Free communities of color and the revolutionary Caribbean : overturning, or turning back?
The tumult of the Age of Atlantic Revolutions provided new opportunities for free communities of color in the Caribbean, yet the fact that much scholarship places an emphasis on a few remarkable individuals-who pursued their freedom and respectability in a high-profile manner-can mask as much as it reveals.
Scholarship on these individuals focuses on themes of mobility and resilience, and can overlook more subversive motives, underrepresent individuals who remained in communities, and elide efforts by some to benefit from racial hierarchies.
In these free communities, displays of social, cultural, and symbolic capitals often reinforced systemic continuity and complicated revolutionary-era tensions among the long-free, enslaved, and recently-freed.
This book contains seven fascinating studies, which examine Haiti, Caracas, Cartagena, Charleston, Jamaica, France, the Netherlands Antilles, and the Swedish Caribbean.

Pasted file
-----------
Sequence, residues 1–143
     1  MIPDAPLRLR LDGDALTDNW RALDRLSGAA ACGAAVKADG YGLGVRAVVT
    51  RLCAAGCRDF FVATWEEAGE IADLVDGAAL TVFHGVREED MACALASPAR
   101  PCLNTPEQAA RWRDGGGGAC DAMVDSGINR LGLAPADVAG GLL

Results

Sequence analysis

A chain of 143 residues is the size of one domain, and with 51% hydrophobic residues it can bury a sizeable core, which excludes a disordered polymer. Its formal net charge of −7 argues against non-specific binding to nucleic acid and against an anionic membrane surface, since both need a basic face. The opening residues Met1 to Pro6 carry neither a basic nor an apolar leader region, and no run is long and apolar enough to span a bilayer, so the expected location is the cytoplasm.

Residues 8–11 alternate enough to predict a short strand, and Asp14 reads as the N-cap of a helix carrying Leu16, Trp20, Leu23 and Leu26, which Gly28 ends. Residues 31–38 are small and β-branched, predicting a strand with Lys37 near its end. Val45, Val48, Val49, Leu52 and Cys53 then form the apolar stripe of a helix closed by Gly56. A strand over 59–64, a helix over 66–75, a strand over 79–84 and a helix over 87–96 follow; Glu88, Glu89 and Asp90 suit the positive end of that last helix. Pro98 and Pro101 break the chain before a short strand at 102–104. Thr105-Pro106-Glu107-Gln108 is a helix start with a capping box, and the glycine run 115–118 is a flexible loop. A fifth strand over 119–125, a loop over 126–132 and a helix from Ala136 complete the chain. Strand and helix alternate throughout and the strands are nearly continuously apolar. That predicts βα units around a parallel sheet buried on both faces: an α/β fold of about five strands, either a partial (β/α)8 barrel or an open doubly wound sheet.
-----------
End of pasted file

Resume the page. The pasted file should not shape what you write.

They explore how free communities of color deployed religion, literature, politics, fashion, the press, history, and the law in the Atlantic to defend their status, and at times define themselves against more marginalized groups in a rapidly changing world.
This volume demonstrates that problems of belonging, difference, and hierarchy were central to the operation of Caribbean colonies.
Without recalibrating scholarship to focus on this, we risk underappreciating how the varied motivations and ambitions of free people of color shaped the decline of empires and the formation of new states.
This book was originally published as a special issue of Atlantic Studies.